After remodeling an old fire station and turning it into an exhibition space for contemporary art, Michael Kienzer invited artists to create temporary installations that would last half a year and would also be visible from the outside through a large window. He thus transformed the entire building into a sculpture in public space.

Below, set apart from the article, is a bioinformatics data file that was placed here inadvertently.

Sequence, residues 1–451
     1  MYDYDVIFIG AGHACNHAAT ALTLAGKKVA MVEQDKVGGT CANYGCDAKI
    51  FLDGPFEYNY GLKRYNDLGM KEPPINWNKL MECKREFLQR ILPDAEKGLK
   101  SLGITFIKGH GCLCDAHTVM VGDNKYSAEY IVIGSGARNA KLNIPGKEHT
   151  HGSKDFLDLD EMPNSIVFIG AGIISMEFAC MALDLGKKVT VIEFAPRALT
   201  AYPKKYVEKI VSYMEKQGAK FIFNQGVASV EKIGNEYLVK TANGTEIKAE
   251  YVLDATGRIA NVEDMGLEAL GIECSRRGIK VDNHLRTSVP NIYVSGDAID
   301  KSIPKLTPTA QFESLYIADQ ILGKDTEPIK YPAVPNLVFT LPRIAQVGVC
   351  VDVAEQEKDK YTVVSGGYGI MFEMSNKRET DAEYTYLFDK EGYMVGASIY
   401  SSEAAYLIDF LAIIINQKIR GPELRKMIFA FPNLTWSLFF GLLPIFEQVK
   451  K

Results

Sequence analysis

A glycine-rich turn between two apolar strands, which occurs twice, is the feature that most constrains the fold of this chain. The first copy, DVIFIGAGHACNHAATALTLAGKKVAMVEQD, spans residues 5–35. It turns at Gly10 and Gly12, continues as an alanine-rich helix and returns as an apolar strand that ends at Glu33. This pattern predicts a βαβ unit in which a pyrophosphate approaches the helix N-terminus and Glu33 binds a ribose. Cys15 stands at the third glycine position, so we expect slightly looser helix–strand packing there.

Using conversations and research Iris Andraschek and Hubert Lobnig attempted to identify generally applicable and personal rules that govern the social life of a community like that of Weikendorf. What exists in writing and what is unwritten, the outer and the inner, the third-party-determined and one's own, as adopted and self-made rules? What are the rules that the inhabitants of a community follow, what rules do they introduce themselves in times of "tightening the belt" and when "the boat is full"? The raw material for the installation realised at the Kunstraum Weikendorf were lists of the rules of local associations, societies and clubs, the voluntary fire fighters' rules as well as the regulations applying to domestic refuse, drain water, traffic or car parking and building, but also rules derived from Roman law or religion, for example the Ten Commandments, various internet pages and blogs on the rules of life and much more. The exhibition also attempted to explore how the guidelines for the people in a village and the relevant bodies in the local community that prescribe them have formed and changed over their history. Rules were posted on the walls of the Kunstraum Weikendorf, providing a background for drawings and paintings about life in the village, its history and anecdotes from the community. What is special about the Kunstraum Weikendorf is that the exterior presents a rural icon as if this really was a completely normal village fire station, although inside it pursues urban iconography and has similarities to a universal location, the white cube, which is everywhere and nowhere but primarily found in the hearts of major western cities. The panorama window breaks through both meanings, opening the art space to the village setting and cutting a window to the urban space into the façade of the village fire station. The fire station evades any 'normal' function in the village, and for the duration of the exhibition by Andraschek and Lobnig it became an apparently rule-defining body, a gathering place for rules of social interaction and consequently a space where the public can be seen.